Veteran memorizes names and ranks of over 2,300 Americans killed in Afghanistan

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COLORADO SPRINGS, Colo. — As we remember our fallen military members on Memorial Day, one Afghanistan veteran is making sure he remembers the men and women lost in the war in Afghanistan with a very special tribute.

He has memorized their names. Every single one.

Navy veteran Ron White is putting his extraordinary talents as a memory expert to use in memorizing the names and ranks of the more than 2,300 servicemembers who lost their lives in Afghanistan, and is writing them all out in the chronological order of their deaths.

“I was looking at the Vietnam wall and I wondered how long it would take me to memorize,” White told KKTV. “Then it clicked in my head: I should do Afghanistan because that’s where I served.”

So for the next 10 months, White set out to commit each one to memory.

“23-hundred plus people: rank, first name, last name, it’s 7,000 words,” White said. “It’s just my way to honor them. To say ‘you were significant. Your life was important and we honor you and we’re not going to forget you.'”

He then embarked on a cross-country tour in which he writes the names on a 52-foot wide traveling wall.

“Every few hours somebody will walk by that wall and remind me: this is not just 7,000 words. This is their son or daughter,” White said.

The process has become somewhat of a stoic performance art piece, a moving tribute and a labor of love for those who gave all for their country.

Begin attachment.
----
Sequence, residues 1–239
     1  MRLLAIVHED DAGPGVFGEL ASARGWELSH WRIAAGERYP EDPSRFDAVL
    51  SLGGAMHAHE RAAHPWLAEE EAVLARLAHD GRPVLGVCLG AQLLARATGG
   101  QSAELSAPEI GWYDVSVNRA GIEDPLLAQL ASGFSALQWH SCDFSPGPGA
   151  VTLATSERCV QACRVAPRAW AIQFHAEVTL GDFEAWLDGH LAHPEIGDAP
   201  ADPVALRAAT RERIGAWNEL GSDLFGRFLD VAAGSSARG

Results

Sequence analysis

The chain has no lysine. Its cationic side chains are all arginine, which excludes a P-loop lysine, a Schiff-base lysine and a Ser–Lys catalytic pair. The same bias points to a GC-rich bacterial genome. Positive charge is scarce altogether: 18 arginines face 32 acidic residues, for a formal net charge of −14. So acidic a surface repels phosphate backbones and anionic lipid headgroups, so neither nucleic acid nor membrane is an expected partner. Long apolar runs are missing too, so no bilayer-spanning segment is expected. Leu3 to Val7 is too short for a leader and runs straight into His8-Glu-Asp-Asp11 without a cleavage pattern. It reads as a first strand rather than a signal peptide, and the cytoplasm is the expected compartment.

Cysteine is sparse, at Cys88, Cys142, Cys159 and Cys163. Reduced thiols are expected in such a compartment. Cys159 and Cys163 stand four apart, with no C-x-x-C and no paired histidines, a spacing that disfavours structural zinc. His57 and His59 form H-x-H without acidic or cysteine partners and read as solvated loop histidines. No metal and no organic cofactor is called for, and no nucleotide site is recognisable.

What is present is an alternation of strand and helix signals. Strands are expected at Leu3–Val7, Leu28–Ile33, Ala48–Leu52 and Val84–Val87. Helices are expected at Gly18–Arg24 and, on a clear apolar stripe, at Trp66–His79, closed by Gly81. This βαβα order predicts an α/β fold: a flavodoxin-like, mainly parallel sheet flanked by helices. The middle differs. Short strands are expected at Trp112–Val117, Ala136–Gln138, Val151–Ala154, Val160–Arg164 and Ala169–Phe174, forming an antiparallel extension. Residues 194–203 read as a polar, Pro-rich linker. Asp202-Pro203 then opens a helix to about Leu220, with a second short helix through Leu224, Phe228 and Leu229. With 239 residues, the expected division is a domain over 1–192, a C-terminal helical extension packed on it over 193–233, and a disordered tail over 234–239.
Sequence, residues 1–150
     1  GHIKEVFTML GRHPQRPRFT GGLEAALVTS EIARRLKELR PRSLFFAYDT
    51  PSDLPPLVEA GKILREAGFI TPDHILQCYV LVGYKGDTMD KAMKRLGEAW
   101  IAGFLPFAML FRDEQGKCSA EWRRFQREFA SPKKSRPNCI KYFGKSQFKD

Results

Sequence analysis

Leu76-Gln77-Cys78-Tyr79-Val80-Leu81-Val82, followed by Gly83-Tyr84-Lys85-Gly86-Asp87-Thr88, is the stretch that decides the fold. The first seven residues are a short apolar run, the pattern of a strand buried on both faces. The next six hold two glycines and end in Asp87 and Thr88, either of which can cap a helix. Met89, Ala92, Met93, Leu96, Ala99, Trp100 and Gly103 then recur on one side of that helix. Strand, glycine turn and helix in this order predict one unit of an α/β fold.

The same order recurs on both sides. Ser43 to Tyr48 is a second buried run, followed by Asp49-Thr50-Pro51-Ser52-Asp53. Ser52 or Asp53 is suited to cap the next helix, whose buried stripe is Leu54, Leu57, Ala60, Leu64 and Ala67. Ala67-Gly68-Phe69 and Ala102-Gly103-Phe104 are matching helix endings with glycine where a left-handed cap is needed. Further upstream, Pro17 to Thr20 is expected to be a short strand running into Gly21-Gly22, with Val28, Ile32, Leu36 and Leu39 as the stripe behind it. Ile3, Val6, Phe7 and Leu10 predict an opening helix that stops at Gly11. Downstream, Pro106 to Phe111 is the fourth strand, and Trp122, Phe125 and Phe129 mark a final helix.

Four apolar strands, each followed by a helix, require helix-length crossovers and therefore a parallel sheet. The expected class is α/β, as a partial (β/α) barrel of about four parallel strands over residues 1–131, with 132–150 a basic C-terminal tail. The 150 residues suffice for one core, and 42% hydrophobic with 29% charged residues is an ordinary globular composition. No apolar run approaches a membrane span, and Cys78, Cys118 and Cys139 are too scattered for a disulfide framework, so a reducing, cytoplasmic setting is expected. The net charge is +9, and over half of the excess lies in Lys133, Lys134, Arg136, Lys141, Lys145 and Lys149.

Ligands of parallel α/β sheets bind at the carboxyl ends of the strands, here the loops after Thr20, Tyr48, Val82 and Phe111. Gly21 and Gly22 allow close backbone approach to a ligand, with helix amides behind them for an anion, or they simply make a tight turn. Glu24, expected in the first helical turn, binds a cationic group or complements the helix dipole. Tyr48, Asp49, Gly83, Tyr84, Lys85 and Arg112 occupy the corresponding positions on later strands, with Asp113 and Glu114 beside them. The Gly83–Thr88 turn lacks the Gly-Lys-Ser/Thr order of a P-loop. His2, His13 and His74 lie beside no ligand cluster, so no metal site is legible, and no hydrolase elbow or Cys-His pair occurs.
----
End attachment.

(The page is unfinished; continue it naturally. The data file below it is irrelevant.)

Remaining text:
“The first time I wrote it out was February 28, 2013, so I’ve been doing this for three years,” White recalled.

In the above video, posted on May 25, 2015, White recalls an emotional moment when he was writing and he heard someone nearby saying the name Austin Staggs.

“Ma’am, that’s a name that’s on my wall. Do you know Austin Staggs?” White asked the woman watching him write. “She said, ‘yes, I do. He was my grandson. I came out here to see you write his name,’ and I said, ‘it’s going to be about 4 hours before I get to his name,’ and she said, ‘well, I’ll wait.'”

The woman stayed with White the entire time he wrote, and just before he got to Staggs, he said, “sorry it took so long.”

“I’m glad it did. His mom is here now. She drove out here. It gave her time to get here,” Stagg’s grandmother said.

White recalls more emotional memories of his touring wall in the video.

His work is a tireless effort to make sure that no matter what, although those military members are lost, they will never be forgotten.

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